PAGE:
a pair of metallic shields fixed to said outer surface of said measuring tube in surrounding relation to said measuring electrodes by a reaction product due to an interface reaction with said ceramic measuring tube under heating,
wherein said ceramic measuring tube is formed of at least one material selected from alumina, zirconia, sialon, silicon nitride and silicon carbide, and said measuring electrodes and said shields are formed of at least one material selected from alloys containing titanium and an aluminum silicon base alloy;
wherein a content of said alloy is in a range of 1% to 10% titanium; and
wherein said alloy containing titanium contains silver-copper as a main constituent thereof.
Description
BACKGROUND OF THE INVENTION

The present invention relates to an electromagnetic flowmeter and a manufacture method of the same, and more particularly to an electromagnetic flowmeter of the type that a measuring tube is made of ceramics and measuring electrodes are not in contact with fluid to be measured, as well as a method of manufacturing such an electromagnetic flowmeter.

Electromagnetic flowmeters are designed on the basis of the Faraday's law of induction that when an electrically conductive fluid flows perpendicularly to a magnetic field, a potential in proportion to a flow speed of the fluid is generated in a direction perpendicular to both the direction of the fluid flow and the direction of the magnetic field. Thus, the flow rate of fluid to be measured is determined by applying a magnetic field to the fluid to be measured, which is flowing through a measuring tube, to generate a potential, and detecting the potential by a pair of measuring electrodes. There are two types of electromagnetic flowmeters; one type that the measuring electrodes are in contact with the fluid to be measured, and another type that they are not in contact with the fluid to be measured. Also, the measuring tube is primarily made of ceramics superior in resistance against corrosion and heat.

One of contactless electromagnetic flowmeters using a ceramic-made measuring tube is proposed in U.S. Pat. No. 4,539,835.

In the proposed electromagnetic flowmeter of the above prior art, the outer surface of a measuring tube is coated with a metal, i.e., metallized, using the vacuum evaporation method to form measuring electrodes and shields.

However, because the metal films formed by the vacuum evaporation method is weak in the interface adhesion intensity with ceramics, peel-off between the metal films and the ceramics gradually progresses at the interface when the measuring tube is repeatedly subjected to heat. Accordingly, there arise a problem that measurement accuracy is degraded or fluctuated.

With a view of solving the above-mentioned problem, an object of the present invention is to provide an electromagnetic flowmeter in which the interface adhesion intensity between metal films, forming electrodes and shields, and ceramics is increased to such an extent as not causing peel-off at the interface even if repeatedly subjected to heat, and which is stable in capability of measurement, as well as a method of manufacture of such an electromagnetic flowmeter.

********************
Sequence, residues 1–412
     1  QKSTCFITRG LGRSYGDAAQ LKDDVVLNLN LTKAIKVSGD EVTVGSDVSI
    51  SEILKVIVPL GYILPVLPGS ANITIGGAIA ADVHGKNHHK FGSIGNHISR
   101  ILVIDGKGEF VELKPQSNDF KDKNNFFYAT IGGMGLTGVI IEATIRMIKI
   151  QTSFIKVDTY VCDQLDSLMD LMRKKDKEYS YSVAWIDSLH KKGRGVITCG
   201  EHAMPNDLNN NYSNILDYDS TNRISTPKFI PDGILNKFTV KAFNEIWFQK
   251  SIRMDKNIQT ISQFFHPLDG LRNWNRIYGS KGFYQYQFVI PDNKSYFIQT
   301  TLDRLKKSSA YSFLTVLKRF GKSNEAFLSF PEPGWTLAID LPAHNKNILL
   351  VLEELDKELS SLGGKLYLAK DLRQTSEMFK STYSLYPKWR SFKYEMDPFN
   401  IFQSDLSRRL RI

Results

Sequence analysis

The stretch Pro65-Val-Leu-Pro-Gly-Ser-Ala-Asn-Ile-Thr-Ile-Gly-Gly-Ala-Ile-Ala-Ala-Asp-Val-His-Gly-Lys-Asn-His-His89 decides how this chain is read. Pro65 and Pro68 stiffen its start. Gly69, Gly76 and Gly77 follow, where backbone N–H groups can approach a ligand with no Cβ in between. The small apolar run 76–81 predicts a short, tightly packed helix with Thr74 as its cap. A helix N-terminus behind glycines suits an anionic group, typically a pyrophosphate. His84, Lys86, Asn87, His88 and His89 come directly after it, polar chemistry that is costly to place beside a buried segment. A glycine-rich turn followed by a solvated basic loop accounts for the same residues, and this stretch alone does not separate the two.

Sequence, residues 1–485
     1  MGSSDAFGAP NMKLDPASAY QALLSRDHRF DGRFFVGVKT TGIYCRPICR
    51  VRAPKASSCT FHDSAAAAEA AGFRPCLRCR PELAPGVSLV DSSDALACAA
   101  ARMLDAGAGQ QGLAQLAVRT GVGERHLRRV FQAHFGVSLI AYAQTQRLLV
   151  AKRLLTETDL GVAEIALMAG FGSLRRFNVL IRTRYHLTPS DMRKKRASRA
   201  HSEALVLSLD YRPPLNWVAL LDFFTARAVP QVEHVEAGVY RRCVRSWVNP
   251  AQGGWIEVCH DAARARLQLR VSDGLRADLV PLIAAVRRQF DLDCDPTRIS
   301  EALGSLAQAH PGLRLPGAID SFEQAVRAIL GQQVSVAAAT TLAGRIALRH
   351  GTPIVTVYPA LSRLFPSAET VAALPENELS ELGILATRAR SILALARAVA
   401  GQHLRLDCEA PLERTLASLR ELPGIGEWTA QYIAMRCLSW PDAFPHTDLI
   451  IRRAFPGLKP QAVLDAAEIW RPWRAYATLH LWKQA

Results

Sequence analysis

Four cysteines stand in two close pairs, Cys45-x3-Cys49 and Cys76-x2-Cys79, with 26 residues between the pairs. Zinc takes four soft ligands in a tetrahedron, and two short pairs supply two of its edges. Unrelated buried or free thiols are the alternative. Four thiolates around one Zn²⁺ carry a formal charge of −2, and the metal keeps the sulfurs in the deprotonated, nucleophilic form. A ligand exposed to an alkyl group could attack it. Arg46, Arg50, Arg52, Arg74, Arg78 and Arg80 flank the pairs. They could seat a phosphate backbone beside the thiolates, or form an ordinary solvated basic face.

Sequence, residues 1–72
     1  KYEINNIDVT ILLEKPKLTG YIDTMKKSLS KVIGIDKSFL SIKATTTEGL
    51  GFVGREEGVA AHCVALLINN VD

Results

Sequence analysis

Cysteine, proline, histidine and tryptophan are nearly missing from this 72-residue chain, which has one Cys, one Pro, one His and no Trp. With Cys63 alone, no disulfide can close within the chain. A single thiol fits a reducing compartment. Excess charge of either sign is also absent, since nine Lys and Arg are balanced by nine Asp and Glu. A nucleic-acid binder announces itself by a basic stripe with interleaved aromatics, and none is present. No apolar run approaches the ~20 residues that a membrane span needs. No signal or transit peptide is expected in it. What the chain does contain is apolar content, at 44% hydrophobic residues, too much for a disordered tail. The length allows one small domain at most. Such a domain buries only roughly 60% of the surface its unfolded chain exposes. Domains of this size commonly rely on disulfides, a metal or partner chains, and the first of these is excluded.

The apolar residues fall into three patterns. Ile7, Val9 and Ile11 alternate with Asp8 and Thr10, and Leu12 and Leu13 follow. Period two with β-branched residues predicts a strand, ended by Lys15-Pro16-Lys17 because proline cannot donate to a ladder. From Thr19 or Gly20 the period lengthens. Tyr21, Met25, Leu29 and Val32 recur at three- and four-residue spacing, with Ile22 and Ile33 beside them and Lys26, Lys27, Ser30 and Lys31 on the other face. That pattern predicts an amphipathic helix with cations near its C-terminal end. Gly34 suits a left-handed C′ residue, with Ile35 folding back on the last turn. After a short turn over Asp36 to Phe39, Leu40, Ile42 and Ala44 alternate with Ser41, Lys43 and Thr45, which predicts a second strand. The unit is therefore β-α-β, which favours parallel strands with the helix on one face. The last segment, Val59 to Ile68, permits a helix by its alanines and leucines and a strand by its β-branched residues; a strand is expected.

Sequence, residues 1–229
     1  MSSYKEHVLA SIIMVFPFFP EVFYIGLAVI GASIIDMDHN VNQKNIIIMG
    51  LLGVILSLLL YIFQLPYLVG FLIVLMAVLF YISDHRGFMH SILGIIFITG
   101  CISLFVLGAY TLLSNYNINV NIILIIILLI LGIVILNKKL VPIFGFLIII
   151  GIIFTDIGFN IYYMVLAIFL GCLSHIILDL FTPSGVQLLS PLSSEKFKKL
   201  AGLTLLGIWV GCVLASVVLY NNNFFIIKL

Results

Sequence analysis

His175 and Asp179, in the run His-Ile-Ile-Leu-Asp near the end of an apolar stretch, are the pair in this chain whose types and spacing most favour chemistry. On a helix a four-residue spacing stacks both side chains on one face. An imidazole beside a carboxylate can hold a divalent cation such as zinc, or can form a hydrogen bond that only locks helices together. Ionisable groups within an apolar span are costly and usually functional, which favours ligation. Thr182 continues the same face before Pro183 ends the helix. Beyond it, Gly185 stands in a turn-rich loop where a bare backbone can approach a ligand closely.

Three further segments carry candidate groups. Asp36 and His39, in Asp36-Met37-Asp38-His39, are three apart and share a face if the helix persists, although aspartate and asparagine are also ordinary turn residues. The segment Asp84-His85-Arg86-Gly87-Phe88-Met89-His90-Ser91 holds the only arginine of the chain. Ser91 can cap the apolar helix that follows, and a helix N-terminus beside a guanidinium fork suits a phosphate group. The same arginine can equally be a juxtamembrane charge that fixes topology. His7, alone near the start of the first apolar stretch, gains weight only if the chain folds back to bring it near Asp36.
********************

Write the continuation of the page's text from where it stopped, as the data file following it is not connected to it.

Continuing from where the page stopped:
SUMMARY OF THE INVENTION

An electromagnetic flowmeter of the present invention comprises a ceramic measuring tube through which a fluid to be measured flows, a pair of electromagnetic coils disposed on the outer surface of the measuring tube in the central region thereof at diametrically opposite positions and generating a magnetic field in a direction perpendicular to the direction of flow of the fluid to be measured, a pair of measuring electrodes fixed to the outer surface of the measuring tube in the central region thereof at diametrically opposite positions and having electrode axes perpendicular to both the direction of flow of the fluid to be measured and the direction of the magnetic field, the measuring electrodes being fixed by a reaction product due to an interface reaction with the ceramic measuring tube under heating, and a pair of metallic shields fixed to the outer surface of the measuring tube in surrounding relation to the measuring electrodes by the reaction product due to an interface reaction with the ceramic measuring tube under heating.

When the ceramic measuring tube is formed of elements selected from alumina, zirconia, sialon (wherein "sialon" corresponds to Si--Al--O--N ceramics), silicon nitride and silicon carbide, the measuring electrodes and the shields are formed of elements selected from alloys containing titanium and an aluminum-silicon base alloy.

When the ceramic measuring tube is formed of elements selected from alumina and zirconia, the measuring electrodes and the shields are formed of elements selected from an alloy including molybdenum-manganese as a main constituent and an alloy including tungsten-manganese as a main constituent.

The measuring electrodes and the shields preferably have a thickness in the range of 10 μm to 500 μm when the outer diameter of the measuring tube is less than 100 mm, and in the range of 10 μm to 300 μm when the outer diameter of the measuring tube is not less than 100 mm.

When the measuring electrodes and the shields are made of an alloy containing titanium, the titanium content is preferably in the range of 1 weight % to 10 weight %.

A method of manufacturing an electromagnetic flowmeter according to the present invention comprises the steps of disposing the measuring electrodes and the shields at respective predetermined positions on the outer surface of the ceramic measuring tube, and heating the ceramic measuring tube, the measuring electrodes and the shields together, and fixing the measuring electrodes and the shields by a reaction product due to an interface reaction with the ceramic measuring tube.

The ceramic measuring tube, the measuring electrodes and the shields may be heated under a condition that the measuring electrodes and the shields are pressed against the ceramic measuring tube.